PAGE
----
6 Trenching crawl space construction around the inside and outside of the foundation; treating all sides of the interior supports and plumbing. Drilling a series of vertical holes (about 1 2 inch in diameter) through the slab at intervals of 6 to 12 inches (Figure 10) or in every void of hollow blocks (Figure 11), especially where termites may be entering. Termiticides may then be shortrodded through the drill holes. Figure 11. Short-rodding Figure 12. Long-rodding Figure 10. Drilling a slab Slabs may also be drilled horizontally from the outside of a structure and long-rodded (Figure 12). Holes should be drilled between 6 and 12 inches apart. Continuous barriers under slabs are also dependent upon the smoothness of the surface beneath the structure (no rocks, tree roots, etc.) because liquids will run the path of least resistance. Improper construction practices, such as leaving tree stumps under slabs or burying form boards and grade stakes under the slab, will hamper termite control. There is little that the pest control operator can do to rectify a construction error. However, he or she may attempt to use termiticides suspended in foam in an attempt to obtain a better distribution of the chemical. Foaming machines are not available to the general public. Baiting Baiting systems are a relatively new tool for termite control. They have been successful in most cases. Baits are available as in-ground and aboveground products. These systems use wood blocks to monitor for the presence of termites. When termites are found, the wood is switched with toxic bait that the termites eat and take back to share with their nestmates, thus killing many termites or even the entire colony. Successful baiting requires pest control operators to have extensive knowledge of termite behavior. The toxicants used in baiting systems are insect growth regulators or slow-acting, nonrepellent toxicants, which are safer than most of the soil termite killers. Successful baiting relies heavily on an intensive monitoring schedule. In-ground bait stations are installed around a house at set distances and around critical areas, according to the bait label. Stations are monitored as often as monthly to quarterly. This rate of monitoring the bait stations is in contrast to the traditional yearly inspection of the structure. Baiting has many advantages. The system is nonintrusive, consumer-friendly, and dramatically reduces the amount of chemical needed to protect a structure. With a bait, termites can be controlled with milligram quantities of active ingredient. Baits specifically target termites. The drawback is that it may take weeks or months to knock out termite populations. While baits have been successful in eliminating termites from existing structures, it is still being researched if termites can be prevented from entering a structure that does not have an infestation. Researchers are also investigating new baits that will provide rapid colony elimination over a broad range of termite species, geography, and application timings. Sentricon, Exterra, and FirstLine are examples of trade names for bait products. Bait products are also on the market for homeowner use. However, seldom is it possible for homeowners to correctly monitor and treat their own houses without the proper equipment, training, and knowledge of termite behavior and habitats as well as effective termiticides. 6 Alabama Cooperative Extension System

7 Other Control Methods Particle-Sized Barriers A physical barrier consisting of particle-sized rocks, such as basaltic rock or granite, can be used to prevent termite entry. The rocks are ground into a specific size (16 grit sand) that is large enough so that termite mandibles cannot grasp it, yet small enough so that the termite body cannot maneuver between the spaces. These particle-sized barriers are used under slabs, around foundations, and around plumbing to create a physical barrier against termites. It is being used in Hawaii during construction. It can be costly, adding several thousands of dollars to the cost of a house. The roots of landscape shrubs can compromise the barrier. Particle-sized barriers are not readily available on the East Coast. Basaltic Termite Barrier and Graniteguard are examples of trade names for these products. Stainless Steel Mesh TermiMesh is another physical barrier. TermiMesh is a flexible, corrosion-resistant, highgrade stainless steel mesh that termites do not eat and cannot penetrate or destroy. It is applied beneath and around the critical areas, such as pipes, footers, and foundations, to physically exclude termites, protecting the structure from feeding damage. It is best installed during new construction but can be used as post-construction installation by specially trained technicians. It has been successfully used in Hawaii and Australia for several years. The marketing of this product in the continental United States is underway. It can be expensive. Borates for Wood Treatment At least four products that contain the active ingredient disodium octaborate tetrahydrate are available to pest control operators. Borate products can be used as a supplemental treatment against termites but not as a stand-alone treatment. Borates can be sprayed, painted, or pressure injected into indoor wood or wood shielded from the elements. The borates diffuse into the wood over a long period of time and provide long-lasting supplemental protection. Termites die after ingesting borate-treated wood. Borates also protect wood against wood decay fungi and have long been used in wood preservation. Borate-treated wood is also more fire retardant than wood that is not treated with borates. The use of borates, however, is limited indoors because of their proleaching properties under wet conditions. Borates are nonselective herbicides, so even a small amount of borate accidentally sprayed on landscape plantings will kill or damage. Treatment of Infested Trees Old trees infested by subterranean termites may be the source of a house infestation. Drill holes into the tree above the soil line and inject or foam termiticides into the void created by the termites to eliminate this threat. Once again, this should be done by a certified pest control professional. Insecticide-Impregnated Vapor Barriers This new technology is currently in field tests. Commercial vapor barriers are impregnated with termiticide and placed under the concrete slab or wrapped around the bottom half of concrete blocks in the same manner as the stainless steel mesh, thus doubling its function as both an insecticidal barrier to termites and a vapor barrier. IPM Tactics for Subterranean Termite Control 7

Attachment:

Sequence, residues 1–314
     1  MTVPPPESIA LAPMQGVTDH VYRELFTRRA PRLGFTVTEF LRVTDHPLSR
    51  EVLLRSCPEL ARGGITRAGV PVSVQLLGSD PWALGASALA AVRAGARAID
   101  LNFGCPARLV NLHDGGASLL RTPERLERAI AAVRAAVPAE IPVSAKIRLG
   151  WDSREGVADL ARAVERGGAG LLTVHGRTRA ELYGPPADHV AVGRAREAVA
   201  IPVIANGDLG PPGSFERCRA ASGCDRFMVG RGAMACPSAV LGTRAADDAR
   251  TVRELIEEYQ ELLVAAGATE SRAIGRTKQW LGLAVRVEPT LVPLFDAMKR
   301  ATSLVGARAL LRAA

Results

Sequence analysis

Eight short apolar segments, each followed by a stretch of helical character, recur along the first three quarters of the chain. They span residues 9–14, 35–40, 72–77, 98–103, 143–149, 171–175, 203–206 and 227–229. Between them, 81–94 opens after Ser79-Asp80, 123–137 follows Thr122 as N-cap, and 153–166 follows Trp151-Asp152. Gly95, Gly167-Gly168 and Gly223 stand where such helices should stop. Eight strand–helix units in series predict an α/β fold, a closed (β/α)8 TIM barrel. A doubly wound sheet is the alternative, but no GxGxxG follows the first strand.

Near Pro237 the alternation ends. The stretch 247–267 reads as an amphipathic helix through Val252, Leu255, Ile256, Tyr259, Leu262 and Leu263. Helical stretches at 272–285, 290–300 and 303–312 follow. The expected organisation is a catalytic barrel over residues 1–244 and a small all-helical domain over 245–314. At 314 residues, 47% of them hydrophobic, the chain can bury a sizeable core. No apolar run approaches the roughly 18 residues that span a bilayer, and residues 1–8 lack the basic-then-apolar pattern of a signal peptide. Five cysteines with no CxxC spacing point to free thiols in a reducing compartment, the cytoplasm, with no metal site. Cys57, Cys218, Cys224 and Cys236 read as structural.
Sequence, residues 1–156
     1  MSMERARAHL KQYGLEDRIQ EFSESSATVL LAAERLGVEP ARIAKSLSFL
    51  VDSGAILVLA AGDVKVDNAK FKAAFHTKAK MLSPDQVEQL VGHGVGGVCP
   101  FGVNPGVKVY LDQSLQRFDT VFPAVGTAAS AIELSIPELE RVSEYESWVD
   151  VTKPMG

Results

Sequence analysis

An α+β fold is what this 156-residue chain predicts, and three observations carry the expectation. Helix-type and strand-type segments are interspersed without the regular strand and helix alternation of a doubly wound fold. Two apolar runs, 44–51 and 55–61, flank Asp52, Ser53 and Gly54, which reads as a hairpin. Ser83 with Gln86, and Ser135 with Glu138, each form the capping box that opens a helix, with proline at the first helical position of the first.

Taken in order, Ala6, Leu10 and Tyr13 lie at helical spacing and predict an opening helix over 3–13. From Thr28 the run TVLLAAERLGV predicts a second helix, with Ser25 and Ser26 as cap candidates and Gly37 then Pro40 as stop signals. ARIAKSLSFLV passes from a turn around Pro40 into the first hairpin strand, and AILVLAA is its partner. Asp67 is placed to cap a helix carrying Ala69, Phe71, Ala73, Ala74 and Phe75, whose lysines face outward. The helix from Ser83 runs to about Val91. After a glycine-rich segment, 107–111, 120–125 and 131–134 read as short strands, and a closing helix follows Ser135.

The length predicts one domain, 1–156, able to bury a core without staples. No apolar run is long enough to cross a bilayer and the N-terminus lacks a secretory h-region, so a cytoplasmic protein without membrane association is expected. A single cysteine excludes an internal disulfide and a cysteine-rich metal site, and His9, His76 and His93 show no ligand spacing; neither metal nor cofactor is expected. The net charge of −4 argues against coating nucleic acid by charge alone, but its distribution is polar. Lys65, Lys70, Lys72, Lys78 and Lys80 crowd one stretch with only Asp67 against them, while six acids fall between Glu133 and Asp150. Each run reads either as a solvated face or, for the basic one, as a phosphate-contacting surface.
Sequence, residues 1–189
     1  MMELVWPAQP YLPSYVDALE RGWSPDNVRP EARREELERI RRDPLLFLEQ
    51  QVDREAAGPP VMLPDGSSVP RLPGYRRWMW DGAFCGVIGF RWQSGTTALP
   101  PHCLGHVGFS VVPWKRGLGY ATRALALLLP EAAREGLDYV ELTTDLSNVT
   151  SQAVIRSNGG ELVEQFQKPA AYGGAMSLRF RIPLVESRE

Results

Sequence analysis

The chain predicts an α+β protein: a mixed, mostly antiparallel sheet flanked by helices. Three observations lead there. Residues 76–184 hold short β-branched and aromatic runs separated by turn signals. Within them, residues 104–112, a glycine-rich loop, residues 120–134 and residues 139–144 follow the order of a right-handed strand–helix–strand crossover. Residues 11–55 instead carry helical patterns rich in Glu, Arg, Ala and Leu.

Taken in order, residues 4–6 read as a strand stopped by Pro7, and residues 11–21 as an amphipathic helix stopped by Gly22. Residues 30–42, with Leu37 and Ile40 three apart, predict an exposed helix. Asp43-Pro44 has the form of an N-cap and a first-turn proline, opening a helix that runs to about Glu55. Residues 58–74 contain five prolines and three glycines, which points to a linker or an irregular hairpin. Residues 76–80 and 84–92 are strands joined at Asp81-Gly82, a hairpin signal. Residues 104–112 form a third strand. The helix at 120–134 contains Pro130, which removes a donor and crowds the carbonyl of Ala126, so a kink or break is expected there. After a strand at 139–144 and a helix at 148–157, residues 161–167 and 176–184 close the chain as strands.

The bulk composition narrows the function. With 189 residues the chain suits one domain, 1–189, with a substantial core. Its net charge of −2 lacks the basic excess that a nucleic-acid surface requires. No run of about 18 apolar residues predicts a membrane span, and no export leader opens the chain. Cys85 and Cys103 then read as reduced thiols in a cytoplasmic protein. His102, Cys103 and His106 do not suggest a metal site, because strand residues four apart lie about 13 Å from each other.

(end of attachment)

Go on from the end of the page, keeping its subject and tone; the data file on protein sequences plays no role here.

8 Choosing a Pest Control Company Call at least three pest control companies and ask for price quotes, how the company plans to treat your house, and what chemical or bait system will be used. Be wary of prices that seem out of line, especially those that are too low. Professional termite control requires specialized equipment and training. A low price may mean low quality. Even when dealing with the Formosan subterranean termite, you can take 2 weeks to make an educated decision. Call the Better Business Bureau in your area for any outstanding complaints against a potential company. A good pest control operator will do an inspection of your property, map areas of termite infestation for future reference, and note any areas not inspected (inaccessible) and structural problems that need repair. Ask for a copy of the report and map. Keep this information on record. Be aware that there are many different types of contracts for termite control. Some will offer a re-treatment only statement; others may include a damage replacement clause. Some will cover all kinds of subterranean termites; others may exclude Formosan subterranean termites. The contracts will vary from company to company and will also vary with the type of construction treated. In all cases, read both sides of the contract and know what you are getting. For a fee most pest control companies will offer you an annual renewal service to inspect your house for future termite attack. Unless you feel you know all the potential signs and locations common to termite infestations, it is generally a good idea to contract for this service. Remember, your home is probably the most expensive purchase you will make in your lifetime. With a little time and a little knowledge, termite damage can be avoided (Figure 13). Figure 13. Termite damage ANR-1022 Xing Ping Hu, Extension Entomologist, Assistant Professor, and Arthur G. Appel, Professor, both in Entomology and Plant Pathology, Auburn University; Faith M. Oi, Research Entomologist, with USDA-ARS, CMAVE, Gainesville, Florida, and Thomas G. Shelton, Post Doctoral, Entomology, University of Hawaii Use pesticides only according to the directions on the label. Follow all directions, precautions, and restrictions that are listed. Do not use pesticides on plants that are not listed on the label. The pesticide rates in this publication are recommended only if they are registered with the Environmental Protection Agency and the Alabama Department of Agriculture and Industries. If a registration is changed or cancelled, the rate listed here is no longer recommended. Before you apply any pesticide, check with your county Extension agent for the latest information. Trade names are used only to give specific information. The Alabama Cooperative Extension System does not endorse or guarantee any product and does not recommend one product instead of another that might be similar. For more information, call your county Extension office. Look in your telephone directory under your county s name to find the number. Issued in furtherance of Cooperative Extension work in agriculture and home economics, Acts of May 8 and June 30, 1914, and other related acts, in cooperation with the U.S. Department of Agriculture. The Alabama Cooperative Extension System (Alabama A&M University and Auburn University) offers educational programs, materials, and equal opportunity employment to all people without regard to race, color, national origin, religion, sex, age, veteran status, or disability. UPS, 5M33, Revised July 2001, ANR-1022